When you have done that you then look at what your newspaper’s two tipsters go for in that particular race. If ALL 3 ( 2 X newspaper tipsters plus racing post) select the same horse then that COULD be a definite bet. Then simply do this with the newspaper for ALL the races of the day. Don’t be put off at all, it takes about 10 minutes to do, not a lot of time for a horse racing system that could change your financial future.

Once you have done that you need to go to Betfair and simply check the odds for the horse that ALL 3 tipsters have given. If the odds are acceptable with the odds in the table then you have a definite bet and you stake on however many horses that the odds in the grid tell you to.

The other variation of this horse racing system is where you miss out the favourite all together and the selection process for this is much simple and quicker.

Simply miss out all the “Danger” races as described on the previous page then try to find races that have between 12 & 16 runners, especially handicap races because in handicap races horses are allotted different weights to carry, which in effect gives ALL horses the same chance of winning.

Then all you need to do for this horse racing system to work is to get the odds for the SECOND favourite and place your stake money down on as many selections as the table allows you to.

Now you know how easy it is to make your selections, you will now need to know how to make best use of your betting bank.

We will take a £1000 betting bank as an example but you can start with however much you can afford, this horse racing system works for everybody!

Simply divide your betting bank by 100, so for a £1000 bank this figure is £10. So £10 is the amount you should place on your first ever race.

Let’s now say that in your first race you can bet on the first 4 horses, you divide your first bet of £10 by 4, which equals £2.50, so £2.50 is the stake money that you place on the first 4 selections in your first race.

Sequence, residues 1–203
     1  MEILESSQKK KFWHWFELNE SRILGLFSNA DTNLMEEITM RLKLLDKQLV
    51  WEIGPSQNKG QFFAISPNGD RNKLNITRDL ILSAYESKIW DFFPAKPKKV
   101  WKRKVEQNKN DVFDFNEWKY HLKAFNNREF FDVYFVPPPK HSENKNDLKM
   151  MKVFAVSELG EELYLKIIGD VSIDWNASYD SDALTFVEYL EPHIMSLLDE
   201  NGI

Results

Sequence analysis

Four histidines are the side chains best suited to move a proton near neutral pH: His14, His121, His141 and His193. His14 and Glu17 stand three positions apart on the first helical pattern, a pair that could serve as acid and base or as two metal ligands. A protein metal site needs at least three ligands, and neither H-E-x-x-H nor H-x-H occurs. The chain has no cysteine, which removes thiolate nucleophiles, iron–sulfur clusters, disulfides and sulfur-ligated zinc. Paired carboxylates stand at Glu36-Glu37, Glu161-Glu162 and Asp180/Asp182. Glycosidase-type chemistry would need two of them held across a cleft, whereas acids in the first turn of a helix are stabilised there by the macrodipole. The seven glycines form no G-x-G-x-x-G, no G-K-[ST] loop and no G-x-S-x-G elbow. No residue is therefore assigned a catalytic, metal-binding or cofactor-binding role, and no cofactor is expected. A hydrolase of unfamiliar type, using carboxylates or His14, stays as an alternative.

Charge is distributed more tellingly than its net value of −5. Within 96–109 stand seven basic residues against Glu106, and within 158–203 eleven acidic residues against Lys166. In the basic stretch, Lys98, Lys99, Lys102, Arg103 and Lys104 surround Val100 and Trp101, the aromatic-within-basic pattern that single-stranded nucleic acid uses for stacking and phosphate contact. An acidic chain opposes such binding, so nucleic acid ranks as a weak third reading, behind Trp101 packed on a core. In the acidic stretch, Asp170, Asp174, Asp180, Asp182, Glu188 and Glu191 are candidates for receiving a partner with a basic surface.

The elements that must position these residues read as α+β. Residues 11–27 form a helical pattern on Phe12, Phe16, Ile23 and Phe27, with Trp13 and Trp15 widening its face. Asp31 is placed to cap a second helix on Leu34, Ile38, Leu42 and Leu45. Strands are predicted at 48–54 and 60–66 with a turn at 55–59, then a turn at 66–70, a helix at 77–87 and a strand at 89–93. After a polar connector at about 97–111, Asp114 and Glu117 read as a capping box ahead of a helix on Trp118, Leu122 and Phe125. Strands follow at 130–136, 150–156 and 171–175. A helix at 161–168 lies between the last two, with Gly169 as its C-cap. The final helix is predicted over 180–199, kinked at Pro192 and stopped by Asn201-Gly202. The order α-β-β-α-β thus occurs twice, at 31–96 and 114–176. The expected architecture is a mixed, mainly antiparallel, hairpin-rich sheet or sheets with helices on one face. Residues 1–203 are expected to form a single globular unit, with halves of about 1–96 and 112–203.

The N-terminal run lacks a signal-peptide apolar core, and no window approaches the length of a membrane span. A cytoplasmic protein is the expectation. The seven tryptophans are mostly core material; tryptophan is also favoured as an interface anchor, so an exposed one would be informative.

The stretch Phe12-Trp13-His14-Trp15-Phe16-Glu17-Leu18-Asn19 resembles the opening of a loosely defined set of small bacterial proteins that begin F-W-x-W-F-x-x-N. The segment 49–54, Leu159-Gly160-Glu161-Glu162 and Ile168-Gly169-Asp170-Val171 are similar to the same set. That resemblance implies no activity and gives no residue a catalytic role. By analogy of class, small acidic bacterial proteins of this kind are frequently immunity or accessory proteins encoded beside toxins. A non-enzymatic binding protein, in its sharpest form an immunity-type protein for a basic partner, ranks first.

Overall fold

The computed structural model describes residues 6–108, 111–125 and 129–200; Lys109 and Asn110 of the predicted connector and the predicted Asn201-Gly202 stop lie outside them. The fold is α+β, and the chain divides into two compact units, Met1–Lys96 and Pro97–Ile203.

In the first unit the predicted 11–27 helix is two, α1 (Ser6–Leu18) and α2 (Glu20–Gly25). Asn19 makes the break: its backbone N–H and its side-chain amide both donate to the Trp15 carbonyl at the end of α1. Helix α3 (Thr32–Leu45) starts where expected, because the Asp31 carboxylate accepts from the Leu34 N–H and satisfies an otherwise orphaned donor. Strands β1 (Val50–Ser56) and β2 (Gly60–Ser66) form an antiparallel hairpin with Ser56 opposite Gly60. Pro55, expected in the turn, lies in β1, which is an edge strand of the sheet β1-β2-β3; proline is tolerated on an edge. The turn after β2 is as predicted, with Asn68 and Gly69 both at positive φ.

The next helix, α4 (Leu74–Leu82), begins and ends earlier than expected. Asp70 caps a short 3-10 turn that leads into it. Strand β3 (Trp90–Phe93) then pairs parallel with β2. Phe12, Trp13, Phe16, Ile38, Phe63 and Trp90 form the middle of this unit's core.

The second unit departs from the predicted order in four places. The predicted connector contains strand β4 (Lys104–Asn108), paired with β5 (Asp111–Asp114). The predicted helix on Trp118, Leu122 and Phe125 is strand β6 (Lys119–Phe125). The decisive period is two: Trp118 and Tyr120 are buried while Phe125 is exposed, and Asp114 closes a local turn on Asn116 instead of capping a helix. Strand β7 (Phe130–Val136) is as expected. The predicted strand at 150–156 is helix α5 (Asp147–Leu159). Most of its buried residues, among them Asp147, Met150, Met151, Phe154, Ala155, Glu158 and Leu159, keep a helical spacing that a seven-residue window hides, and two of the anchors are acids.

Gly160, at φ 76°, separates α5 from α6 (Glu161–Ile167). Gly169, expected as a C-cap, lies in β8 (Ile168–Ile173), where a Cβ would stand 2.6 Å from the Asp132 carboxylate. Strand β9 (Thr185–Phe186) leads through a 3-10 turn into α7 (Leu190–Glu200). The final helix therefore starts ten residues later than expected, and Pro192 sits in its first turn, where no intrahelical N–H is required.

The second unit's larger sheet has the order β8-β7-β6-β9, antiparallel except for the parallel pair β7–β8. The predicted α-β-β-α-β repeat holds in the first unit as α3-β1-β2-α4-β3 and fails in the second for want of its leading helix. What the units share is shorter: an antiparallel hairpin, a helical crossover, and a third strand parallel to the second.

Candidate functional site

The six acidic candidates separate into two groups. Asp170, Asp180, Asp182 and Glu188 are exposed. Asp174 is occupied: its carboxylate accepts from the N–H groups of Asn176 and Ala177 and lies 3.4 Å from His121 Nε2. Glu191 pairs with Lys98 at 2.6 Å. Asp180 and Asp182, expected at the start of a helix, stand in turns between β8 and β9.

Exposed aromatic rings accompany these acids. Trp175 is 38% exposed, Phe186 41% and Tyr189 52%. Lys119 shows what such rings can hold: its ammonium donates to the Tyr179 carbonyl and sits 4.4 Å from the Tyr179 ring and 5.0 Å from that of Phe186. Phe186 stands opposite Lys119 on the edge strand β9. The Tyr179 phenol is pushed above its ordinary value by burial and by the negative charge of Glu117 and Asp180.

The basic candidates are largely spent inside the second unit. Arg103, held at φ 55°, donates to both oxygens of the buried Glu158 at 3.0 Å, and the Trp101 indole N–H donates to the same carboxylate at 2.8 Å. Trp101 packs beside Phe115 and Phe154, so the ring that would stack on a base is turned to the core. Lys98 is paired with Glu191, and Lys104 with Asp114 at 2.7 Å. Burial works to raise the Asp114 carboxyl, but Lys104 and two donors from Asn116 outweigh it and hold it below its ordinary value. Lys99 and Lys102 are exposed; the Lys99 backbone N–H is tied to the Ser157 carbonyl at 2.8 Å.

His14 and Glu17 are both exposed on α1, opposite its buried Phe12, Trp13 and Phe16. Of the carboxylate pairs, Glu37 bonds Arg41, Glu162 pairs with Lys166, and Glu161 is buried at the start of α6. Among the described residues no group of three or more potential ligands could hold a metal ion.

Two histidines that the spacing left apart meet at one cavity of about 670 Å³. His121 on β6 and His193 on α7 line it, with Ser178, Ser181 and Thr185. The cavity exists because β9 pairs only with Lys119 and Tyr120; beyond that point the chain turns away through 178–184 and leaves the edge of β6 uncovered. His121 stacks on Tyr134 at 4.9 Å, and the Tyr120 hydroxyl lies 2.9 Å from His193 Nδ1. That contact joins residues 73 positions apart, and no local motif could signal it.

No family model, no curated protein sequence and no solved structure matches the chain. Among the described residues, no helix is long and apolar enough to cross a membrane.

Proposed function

I can just hear you say “Hey, staking a mere £2.50 on a horse, this horse racing system is not going to make me rich!!”

Well, its not and is not meant to either, yet! You should look at this as a long term venture and protect your betting bank as best you can. Dividing your betting bank by 100 gives you 100 losing bets before you go bust and that just is not going to happen.

In the £2.50 example above if the favourite wins then you will win a level stake profit of £2.50 BUT if the favourite loses and an 8/1 shot wins, you will then pick up a nice £12.50 profit.

Then as the days go by your betting bank increases and then so does your initial stake money and soon instead of placing £2.50 on each horse you will find yourself placing £22.50 on each horse, I can see how you start enjoying this horse racing system now!

ABOUT THE AUTHOR: John Anthony is a recognized authority in the PRO gambling world. His worldwide famous Horse Racing System, the Sure2Profit Calculator PRO 1.8, has helped over 1,288 people making up to ?80,000 per year on Tax FREE profits.

Find out how to become one of them here: http://www.sure2profit.com/software.htm